RIM recalls 1,000 PlayBook tablet computers

By RACHEL METZ | May 16, 2011 | 3:28 PM EDT

FILE - This product image provided by Research In Motion, shows the new Playbook. BlackBerry smartphone maker Research In Motion Ltd. said Monday, May 16, 2011, it recalled about 1,000 of its BlackBerry PlayBook tablet computers due to defective operating software that can make it impossible for users to set up the device.(AP Photo/Research In Motion, file)

SAN FRANCISCO (AP) — BlackBerry smartphone maker Research In Motion Ltd. has recalled about 1,000 of its BlackBerry PlayBook tablet computers due to defective operating software that can make it impossible for users to set up the device.

The Waterloo, Ontario-based gadget maker said in a statement Monday that it learned that the affected tablets were shipped with software "that may result in the devices unable to properly load software upon initial set-up." Only PlayBooks with 16 gigabytes of memory were affected, RIM said, and the majority of them had not yet been sold to customers.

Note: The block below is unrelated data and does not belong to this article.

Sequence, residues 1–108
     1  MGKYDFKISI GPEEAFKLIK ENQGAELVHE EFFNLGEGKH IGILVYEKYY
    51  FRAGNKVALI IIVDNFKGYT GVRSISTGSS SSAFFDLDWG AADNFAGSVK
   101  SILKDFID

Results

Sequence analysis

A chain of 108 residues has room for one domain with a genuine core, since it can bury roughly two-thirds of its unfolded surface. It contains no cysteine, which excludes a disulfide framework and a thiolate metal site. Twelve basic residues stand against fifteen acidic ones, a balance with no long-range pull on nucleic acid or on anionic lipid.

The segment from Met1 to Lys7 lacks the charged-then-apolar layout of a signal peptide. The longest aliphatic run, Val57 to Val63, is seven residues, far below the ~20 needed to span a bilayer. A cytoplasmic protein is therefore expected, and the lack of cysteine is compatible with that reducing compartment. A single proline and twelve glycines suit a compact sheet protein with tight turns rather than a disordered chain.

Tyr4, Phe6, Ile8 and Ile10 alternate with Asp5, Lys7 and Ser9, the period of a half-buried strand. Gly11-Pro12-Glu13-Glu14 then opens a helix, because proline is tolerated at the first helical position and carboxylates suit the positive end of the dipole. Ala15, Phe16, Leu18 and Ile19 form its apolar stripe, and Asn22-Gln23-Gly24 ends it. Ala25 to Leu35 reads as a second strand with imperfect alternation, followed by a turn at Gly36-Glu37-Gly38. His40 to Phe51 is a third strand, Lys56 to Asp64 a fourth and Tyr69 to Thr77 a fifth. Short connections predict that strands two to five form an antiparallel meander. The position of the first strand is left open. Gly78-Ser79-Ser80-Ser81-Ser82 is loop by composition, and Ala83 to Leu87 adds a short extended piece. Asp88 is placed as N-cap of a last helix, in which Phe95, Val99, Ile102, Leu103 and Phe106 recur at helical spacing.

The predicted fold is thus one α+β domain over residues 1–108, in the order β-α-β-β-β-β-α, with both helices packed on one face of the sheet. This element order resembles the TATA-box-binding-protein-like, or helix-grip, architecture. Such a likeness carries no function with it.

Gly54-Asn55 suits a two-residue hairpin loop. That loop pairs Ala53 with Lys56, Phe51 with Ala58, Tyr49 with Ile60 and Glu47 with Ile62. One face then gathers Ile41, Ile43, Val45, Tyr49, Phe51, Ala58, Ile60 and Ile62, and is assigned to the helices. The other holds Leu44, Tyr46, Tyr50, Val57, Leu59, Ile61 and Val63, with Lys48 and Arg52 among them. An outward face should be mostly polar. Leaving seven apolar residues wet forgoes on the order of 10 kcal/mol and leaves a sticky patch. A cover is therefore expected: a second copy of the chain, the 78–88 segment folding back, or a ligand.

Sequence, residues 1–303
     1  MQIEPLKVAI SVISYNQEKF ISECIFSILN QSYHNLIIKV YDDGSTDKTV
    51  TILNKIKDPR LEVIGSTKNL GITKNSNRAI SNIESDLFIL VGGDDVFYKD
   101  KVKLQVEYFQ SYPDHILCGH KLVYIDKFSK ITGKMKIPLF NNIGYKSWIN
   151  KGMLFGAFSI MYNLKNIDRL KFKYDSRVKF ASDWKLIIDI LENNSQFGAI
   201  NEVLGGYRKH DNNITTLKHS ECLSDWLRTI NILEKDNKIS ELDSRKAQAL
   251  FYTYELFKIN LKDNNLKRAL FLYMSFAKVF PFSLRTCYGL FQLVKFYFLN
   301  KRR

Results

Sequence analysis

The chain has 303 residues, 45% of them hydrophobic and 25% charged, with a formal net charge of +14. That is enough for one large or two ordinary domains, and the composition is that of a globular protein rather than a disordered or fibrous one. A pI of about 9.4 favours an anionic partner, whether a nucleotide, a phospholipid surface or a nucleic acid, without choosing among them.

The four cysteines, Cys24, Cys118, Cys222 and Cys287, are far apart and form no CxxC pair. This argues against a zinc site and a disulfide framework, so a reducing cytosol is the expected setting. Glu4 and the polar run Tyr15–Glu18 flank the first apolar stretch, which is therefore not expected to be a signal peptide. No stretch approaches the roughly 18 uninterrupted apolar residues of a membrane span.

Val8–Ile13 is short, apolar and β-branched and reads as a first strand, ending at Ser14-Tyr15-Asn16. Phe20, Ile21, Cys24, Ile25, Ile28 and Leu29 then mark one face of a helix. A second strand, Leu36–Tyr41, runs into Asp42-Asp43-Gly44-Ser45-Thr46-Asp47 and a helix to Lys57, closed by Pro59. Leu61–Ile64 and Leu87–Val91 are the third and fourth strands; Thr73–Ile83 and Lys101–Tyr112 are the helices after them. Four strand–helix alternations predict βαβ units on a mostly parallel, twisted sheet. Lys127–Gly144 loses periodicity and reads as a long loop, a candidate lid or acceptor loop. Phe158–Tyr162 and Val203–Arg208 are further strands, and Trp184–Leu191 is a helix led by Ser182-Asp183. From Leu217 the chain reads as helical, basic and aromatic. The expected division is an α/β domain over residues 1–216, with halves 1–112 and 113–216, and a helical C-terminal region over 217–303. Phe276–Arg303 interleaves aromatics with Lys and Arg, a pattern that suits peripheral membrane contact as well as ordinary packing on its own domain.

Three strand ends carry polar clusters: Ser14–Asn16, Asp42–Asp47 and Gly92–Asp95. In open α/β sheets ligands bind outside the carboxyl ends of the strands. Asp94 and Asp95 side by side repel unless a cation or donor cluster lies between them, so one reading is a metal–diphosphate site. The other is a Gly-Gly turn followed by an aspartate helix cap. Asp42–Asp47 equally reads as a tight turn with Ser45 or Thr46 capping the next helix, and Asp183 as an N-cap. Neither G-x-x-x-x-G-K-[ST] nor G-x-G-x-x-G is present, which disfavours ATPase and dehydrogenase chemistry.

RIM said it is working to replace the affected tablets. Customers that did end up with one that can't load the software correctly during setup can contact the company for help, RIM said.

The issue was reported on Saturday by tech blog Engadget, which said the affected PlayBooks had been shipped to Staples Inc. stores. RIM did not comment on whether or not this was the case, and a Staples spokeswoman did not return a request for comment.

The PlayBook — which costs $499-$699, depending on the amount of built-in storage space — received mixed reviews when it was released in April. The device marks RIM's first effort to branch out from its smartphone base and capture a portion of the tablet computer market. Apple Inc. popularized the tablet when it released its first iPad last year, and the device — which was recently upgraded — has dominated that market ever since.

The recall is RIM's most recent bit of bad news. The gadget maker slashed its fiscal first-quarter forecast last month, saying it is selling fewer and cheaper smartphones than it anticipated. The company's previous prediction for the quarter had already been below analyst expectations.

Though RIM's BlackBerry smartphones are known for their security and reliability as email devices, they haven't kept up with iPhones or phones that use Google Inc.'s Android software when it comes to running third-party applications.

Shares of Research In Motion fell 25 cents to $42.99 in afternoon trading.